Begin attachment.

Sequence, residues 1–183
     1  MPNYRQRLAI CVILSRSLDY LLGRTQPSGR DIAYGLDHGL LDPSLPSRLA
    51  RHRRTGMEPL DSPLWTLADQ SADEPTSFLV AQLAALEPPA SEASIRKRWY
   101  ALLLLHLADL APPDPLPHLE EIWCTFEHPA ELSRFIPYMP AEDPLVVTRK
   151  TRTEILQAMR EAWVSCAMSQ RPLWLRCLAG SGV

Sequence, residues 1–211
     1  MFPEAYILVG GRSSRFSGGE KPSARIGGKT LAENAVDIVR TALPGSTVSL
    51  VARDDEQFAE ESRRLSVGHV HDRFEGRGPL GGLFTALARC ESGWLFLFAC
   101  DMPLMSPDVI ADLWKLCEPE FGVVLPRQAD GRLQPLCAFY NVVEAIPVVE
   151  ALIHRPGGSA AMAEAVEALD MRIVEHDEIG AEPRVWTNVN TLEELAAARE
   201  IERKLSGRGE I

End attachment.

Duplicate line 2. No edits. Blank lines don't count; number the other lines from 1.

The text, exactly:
     1  MPNYRQRLAI CVILSRSLDY LLGRTQPSGR DIAYGLDHGL LDPSLPSRLA